Geneva Science and Diplomacy Anticipator

Swiss President of the Swiss Confederation Ignazio Cassis and Peter Brabeck-Letmathe, Chair of the Board of the Geneva Science and Diplomacy Anticipator Foundation, closed the second edition of the GESDA Summit on Friday. The highlight of the last day was a roundtable discussion with Swiss Ambassador Alexandre Fasel, President Cassis, Ministers Sarah Bint Yousif Al-Amiri (United Arab Emirates), Dr Vivian Balakrishnan (Singapore), Urmas Reinsalu (Estonia), as well as the Swiss State Secretary for Education, Research and Innovation Martina Hirayama. Foreign Minister Nasser Bourita (Morocco) and Undersecretary for Multilateral Affairs and Human Rights Martha Delgado Peralta (Mexico) also spoke and read a statement.

The GESDA chairman and Swiss president offered complementary perspectives: Brabeck-Letmathe said GESDA was not intended to replace the political process, while President Cassis explained that the Swiss foundation’s promotion of anticipatory science diplomacy is, in effect, “a tool available to the political world that is meant to reinvigorate multilateralism.”

All the speakers emphasized history’s rapid acceleration, with former ICRC President Peter Maurer, who had given a keynote address several minutes earlier, summing up the situation with his observation that “what was science fiction two years ago has become reality.” All the invited ministers welcomed GESDA’s presence. Some, such as Nasser Bourita, explicitly supported creating an Open Quantum Institute (OQI) whose feasibility study is being conducted by GESDA with the support of 10 universities, 8 private companies, three civil society actors and the informal advice of 12 permanent representatives to the United Nations.

Two concrete actions to put scientific anticipation at the service of multilateralism

Science and technology as well as the OQI proposal, which is envisioned to launch in Geneva within five years, and a plan to create a global curriculum on science diplomacy, were at the center of a bilateral meeting held a day earlier between President Cassis and Singapore’s Foreign Minister Dr Vivian Balakrishnan. These policy segments were part of GESDA’s drive to bring together the communities of scientists, policymakers and diplomats. “Science needs politics to develop,” Brabeck-Letmathe recalled at the opening of the Summit.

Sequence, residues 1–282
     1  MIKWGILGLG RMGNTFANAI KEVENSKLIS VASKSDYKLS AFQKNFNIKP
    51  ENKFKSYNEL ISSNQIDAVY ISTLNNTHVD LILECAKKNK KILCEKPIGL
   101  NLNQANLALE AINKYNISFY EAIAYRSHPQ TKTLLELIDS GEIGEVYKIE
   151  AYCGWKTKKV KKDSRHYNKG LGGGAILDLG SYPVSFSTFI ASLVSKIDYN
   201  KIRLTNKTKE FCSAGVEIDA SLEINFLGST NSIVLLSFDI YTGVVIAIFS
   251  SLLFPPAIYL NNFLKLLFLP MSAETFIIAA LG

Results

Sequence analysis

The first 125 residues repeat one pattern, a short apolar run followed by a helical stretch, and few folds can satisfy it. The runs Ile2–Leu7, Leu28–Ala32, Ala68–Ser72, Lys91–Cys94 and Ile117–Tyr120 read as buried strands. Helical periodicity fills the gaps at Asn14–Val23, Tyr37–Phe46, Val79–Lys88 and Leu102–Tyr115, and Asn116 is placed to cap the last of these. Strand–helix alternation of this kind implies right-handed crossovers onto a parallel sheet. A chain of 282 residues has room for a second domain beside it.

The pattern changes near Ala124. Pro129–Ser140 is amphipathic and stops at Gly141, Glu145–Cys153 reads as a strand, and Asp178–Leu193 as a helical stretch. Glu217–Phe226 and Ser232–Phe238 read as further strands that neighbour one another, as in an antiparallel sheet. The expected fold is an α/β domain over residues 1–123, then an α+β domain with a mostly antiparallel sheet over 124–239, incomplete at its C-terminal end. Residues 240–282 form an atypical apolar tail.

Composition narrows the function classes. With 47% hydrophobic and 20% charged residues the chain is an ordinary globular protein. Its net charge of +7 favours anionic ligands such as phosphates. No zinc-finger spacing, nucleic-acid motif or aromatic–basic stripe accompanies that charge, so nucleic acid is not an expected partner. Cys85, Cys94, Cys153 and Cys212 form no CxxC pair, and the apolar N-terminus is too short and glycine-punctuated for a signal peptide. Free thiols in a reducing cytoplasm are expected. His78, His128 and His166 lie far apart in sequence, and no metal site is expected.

The two leading GESDA proposals for action were well received during panel sessions and other talks held at the Summit. The next step is to concretely implement the projects. The OQI has already picked up a lot of support. Twelve academic institutions in Switzerland and around the world and eight businesses that are active in quantum technology have assured GESDA of their support. The permanent representatives of twelve missions to the United Nations and other international organizations in Geneva also have actively participated in the project’s conception.

Dialogue among generations

The last morning was also dedicated to youth. Eleven young people from different backgrounds selected by Cape Town university, the Villars Institute, Swissnex Network and the Young Academy were invited to tell their stories and share their thoughts on the theme of science and diplomacy.

Third edition of the summit from 11 to 13 October 2023

The second GESDA Summit, held from October 12 to 14, drew more than 1,000 participants, half of them remotely. Twenty one sessions were held to discuss the most promising highlights of this year’s GESDA Science Breakthrough Radar. The Summit included 150 moderators and speakers, up from 108 in 2021. Among those, the speakers and moderators came from 46 countries, up from 33 in 2021. More than a third of the speakers/moderators (37%) were academics, while more than a quarter (27%) were diplomats. Almost a quarter (23%) were citizens, including youth, and 13% came from the private sector.

The next GESDA Summit is scheduled for October 11-13, 2023.